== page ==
"Four plate numbers, each consisting of a ring surrounding a circular plug in which the numeral ‘1’ has been left colorless, were incorporated into the key plate to the left of cliche's 1 and 49, and to the right of cliche's 12 and 60. In printed sheets, the plate numbers are in the same color as the printed portion of the key plate.
Contrary to the duty-plate cliche's and jubilee line, the key-plate cliche's often suffered damage before or during printing. When repairs were made to the cliche's before each printing, the four plate numbers were also checked for damage. And as with the key-plate cliche's, plate-number repairs did not last. Over the life of the King George V issue, both the outer ring and the center plug, especially those at positions 12 and 60, underwent extensive damage.
Some collectors have suggested that the appearance of a plate number could be used to identify the printing of the stamp to which it is attached, but this is not, in fact, a reliable indicator. Damage to plate- number repairs often occurred as printing was in progress, but not all repairs broke down during all printings. Thus if a repair held up during a particular printing, the plate number at the end of the printing looked the same as at the beginning; if the repair broke down, however, the appearance of the plate number at the end of the printing differed from that at the beginning. The state of repair of a plate number is therefore not a definitive characteristic of a specific printing.
If a plate number from a particular printing shows less wear than that from an earlier printing, then it is obvious that a repair was made at some point before the later printing." [M.Glazer]
Two shillings six pences SG 89 plate number block of four.
Plate number is not damaged yet.
Bermuda two shillings six pences SG 89g block of four stamps
from lower-left corner of sheet with plate no. 1. This unmounted mint
block with one stamp showing Plate Flaw 50 (bullet hole state II)
was sold at Grosvenor Auction in 2007 for ?300 plus buyer's premium
Plate number is damaged.
Bermuda two shillings six pences SG 89jg, from lower-right corner of sheet
with plate number (and Plate flaw 60E). This mint vertical pair (one unmounted)
was sold at Grosvenor Auction in 2007 for ?320 plus buyer's premium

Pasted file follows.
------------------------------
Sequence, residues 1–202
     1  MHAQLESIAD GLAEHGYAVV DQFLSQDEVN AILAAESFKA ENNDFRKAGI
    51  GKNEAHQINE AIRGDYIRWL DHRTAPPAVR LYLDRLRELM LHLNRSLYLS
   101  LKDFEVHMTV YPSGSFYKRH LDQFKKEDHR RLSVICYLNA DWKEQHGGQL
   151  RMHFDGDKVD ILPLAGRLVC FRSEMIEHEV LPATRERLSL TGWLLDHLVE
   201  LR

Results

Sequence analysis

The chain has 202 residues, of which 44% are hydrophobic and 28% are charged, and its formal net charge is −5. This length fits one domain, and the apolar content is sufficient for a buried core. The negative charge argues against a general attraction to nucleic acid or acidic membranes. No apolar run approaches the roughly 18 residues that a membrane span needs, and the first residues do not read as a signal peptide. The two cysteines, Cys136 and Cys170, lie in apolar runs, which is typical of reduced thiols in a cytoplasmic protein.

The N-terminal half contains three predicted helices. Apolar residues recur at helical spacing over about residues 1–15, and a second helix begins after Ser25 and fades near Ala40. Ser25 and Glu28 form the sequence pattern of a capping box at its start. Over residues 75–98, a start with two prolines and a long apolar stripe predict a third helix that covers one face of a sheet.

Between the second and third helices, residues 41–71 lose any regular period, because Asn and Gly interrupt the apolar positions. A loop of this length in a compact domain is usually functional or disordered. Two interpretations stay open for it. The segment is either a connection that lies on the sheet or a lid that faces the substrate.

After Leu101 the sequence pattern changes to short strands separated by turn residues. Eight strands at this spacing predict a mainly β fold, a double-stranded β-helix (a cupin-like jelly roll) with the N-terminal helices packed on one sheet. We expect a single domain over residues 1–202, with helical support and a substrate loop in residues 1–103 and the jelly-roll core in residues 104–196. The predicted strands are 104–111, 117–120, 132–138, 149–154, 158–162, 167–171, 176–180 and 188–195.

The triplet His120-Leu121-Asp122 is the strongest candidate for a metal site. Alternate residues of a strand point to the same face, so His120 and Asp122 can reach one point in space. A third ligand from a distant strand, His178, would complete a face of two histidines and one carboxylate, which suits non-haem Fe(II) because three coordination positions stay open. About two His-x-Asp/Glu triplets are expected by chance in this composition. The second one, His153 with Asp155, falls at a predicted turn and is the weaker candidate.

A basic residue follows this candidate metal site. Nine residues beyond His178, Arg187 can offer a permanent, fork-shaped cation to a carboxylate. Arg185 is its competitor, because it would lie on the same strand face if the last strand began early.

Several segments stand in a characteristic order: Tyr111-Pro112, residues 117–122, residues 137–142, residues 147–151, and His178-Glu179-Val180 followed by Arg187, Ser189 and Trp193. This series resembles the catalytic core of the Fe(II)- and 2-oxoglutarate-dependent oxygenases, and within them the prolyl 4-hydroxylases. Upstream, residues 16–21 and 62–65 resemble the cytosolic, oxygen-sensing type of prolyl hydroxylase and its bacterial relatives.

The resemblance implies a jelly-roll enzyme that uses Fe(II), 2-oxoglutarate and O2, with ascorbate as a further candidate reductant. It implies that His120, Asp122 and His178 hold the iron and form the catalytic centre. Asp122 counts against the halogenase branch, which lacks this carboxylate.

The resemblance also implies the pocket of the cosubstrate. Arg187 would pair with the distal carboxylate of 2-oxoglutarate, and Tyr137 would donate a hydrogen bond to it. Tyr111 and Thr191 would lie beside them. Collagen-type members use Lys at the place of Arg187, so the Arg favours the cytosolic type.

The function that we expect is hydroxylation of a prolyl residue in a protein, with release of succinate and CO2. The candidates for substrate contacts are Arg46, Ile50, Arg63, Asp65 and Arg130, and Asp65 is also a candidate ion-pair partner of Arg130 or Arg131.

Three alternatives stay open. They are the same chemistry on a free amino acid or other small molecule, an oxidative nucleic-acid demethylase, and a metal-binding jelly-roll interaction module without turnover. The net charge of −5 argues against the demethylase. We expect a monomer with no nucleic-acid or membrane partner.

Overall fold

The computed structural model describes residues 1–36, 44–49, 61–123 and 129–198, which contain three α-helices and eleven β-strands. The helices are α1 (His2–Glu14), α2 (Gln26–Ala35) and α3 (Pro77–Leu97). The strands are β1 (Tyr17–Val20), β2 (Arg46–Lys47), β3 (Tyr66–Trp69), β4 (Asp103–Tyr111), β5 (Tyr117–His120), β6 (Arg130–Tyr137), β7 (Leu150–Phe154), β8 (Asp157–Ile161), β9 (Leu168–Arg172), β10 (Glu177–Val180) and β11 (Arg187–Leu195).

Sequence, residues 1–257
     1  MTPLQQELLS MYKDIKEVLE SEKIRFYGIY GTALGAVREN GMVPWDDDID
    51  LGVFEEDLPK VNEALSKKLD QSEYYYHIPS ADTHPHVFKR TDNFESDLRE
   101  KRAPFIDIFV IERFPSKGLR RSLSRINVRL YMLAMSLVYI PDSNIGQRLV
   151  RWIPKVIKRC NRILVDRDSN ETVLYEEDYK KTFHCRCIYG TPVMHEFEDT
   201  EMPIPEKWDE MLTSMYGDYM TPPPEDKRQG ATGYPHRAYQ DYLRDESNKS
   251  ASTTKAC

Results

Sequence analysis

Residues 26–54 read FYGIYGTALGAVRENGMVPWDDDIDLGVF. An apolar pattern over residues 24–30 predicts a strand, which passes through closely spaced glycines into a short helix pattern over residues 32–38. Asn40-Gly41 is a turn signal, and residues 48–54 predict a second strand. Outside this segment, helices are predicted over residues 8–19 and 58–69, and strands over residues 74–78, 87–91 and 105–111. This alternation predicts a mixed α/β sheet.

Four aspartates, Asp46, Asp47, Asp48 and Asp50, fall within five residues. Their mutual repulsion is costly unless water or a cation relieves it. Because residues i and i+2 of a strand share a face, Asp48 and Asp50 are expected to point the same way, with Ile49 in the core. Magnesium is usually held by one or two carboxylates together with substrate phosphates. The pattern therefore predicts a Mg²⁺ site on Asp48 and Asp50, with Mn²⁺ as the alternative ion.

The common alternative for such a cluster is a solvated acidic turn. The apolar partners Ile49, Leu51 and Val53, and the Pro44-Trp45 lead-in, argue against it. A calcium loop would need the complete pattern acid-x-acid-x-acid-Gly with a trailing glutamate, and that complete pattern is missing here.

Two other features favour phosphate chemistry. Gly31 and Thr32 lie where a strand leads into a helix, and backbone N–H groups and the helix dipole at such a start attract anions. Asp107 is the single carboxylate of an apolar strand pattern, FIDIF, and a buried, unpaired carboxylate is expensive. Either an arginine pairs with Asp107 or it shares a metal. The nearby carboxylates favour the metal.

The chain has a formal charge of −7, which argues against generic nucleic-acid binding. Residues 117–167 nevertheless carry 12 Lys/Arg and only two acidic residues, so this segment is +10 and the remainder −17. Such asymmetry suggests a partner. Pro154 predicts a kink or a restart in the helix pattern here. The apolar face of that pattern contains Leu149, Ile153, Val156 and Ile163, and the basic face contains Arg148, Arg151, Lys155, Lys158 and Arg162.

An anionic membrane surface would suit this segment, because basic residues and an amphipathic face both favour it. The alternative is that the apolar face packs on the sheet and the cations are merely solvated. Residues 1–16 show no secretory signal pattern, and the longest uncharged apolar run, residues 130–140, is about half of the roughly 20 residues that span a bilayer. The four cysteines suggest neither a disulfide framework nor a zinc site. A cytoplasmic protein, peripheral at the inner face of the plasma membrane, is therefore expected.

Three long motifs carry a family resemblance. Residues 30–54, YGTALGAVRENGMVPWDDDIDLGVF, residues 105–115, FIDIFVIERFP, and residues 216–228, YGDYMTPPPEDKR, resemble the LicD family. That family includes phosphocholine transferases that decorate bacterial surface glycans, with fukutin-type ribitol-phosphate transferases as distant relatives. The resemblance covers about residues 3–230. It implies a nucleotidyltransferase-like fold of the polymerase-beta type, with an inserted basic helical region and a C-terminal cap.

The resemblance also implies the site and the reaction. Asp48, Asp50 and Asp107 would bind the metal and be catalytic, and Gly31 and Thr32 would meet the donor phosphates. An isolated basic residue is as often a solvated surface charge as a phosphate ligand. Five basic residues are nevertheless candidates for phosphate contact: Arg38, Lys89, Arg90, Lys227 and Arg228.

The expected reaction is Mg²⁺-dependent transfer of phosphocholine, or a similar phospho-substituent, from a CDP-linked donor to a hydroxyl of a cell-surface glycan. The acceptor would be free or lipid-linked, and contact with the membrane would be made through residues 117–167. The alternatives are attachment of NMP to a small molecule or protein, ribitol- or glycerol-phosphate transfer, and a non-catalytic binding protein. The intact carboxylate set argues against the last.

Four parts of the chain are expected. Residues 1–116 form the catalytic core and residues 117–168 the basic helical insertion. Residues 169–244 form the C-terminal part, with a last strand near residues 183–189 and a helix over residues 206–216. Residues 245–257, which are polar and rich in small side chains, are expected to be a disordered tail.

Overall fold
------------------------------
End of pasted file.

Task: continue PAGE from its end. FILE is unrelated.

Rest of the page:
"On a printed sheet of stamps, the “jubilee line” is a broken line, in the same color as the frame, that surrounds the block of stamps (i.e., the 60 stamps, in the case of Bermuda’s high-value stamps). The addition of this line on the printing plate, as described in Williams’ Fundamentals of Philately, was meant “to protect the edge of the subject on the printing base from damage by the inking roller.” As the aim of the printers was to produce a uniform impression and thus obtain a high-quality printed image, it was important that the cliche's on the periphery of the plate be protected from the force of the impact of the impression cylinder hitting the duty plate, so that repairs done to the cliche's would not break down as quickly and there would be less opportunity for flaws to develop. Because the jubilee line was meant to absorb that impact, it was raised very slightly above the surface of the plate and was printed at the same time as the cliche's.
Although the King Edward VII key plate had a jubilee line, the King George V plates first made in 1912, and two more made in 1926 did not, for reasons unknown. However, each of the eight duty plates prepared for Bermuda’s King George V issue contained a jubilee line. This consisted of a thin piece of copper (about one eighth of an inch thick) produced in the same manner as the plate itself, and held in place by two screwed-in flanges - one at the top between cliche's 6 and 7, and the other at the bottom between cliche's 54 and 55. As the jubilee line surrounded the plate, it was situated above cliche's 1 to 12; to the right of cliche's 12, 24, 36, 48, and 60; below cliche's 49 to 60; and to the left of cliche's 1, 13, 25, 37, and 49. The line was not continuous but was broken between each cliche' to allow air trapped between the plate and the paper to escape during printing, thus preventing the paper from moving or creasing and the stamp image from becoming distorted. There were additional breaks in the middle of the jubilee line above cliche's 6 and 7 and below cliche's 54 and 55, where the flanges held the line. Also in the margin surrounding the stamps were registration lines, used to identify the position of the stamp in a sheet of 60. These lines were placed above cliche's 6 and 7, and below cliche's 54 and 55.
The jubilee lines of the eight duty plates do not appear to have suffered any damage during printing: on all stamps with selvedge seen by the author, the jubilee line has a uniform appearance and is in the same color as the frame ink. The only exception is a break in the jubilee line above stamp no. 2 of the June 1921 printing of the 5s value." [M.Glazer]
Bermuda two shillings six pences SG 52 block of 4 with additional break in
the middle of the jubilee line below position 54 and with registration line.
- The King George V High-Value Stamps of Bermuda, 1917-1938, Myles Glazer, 1994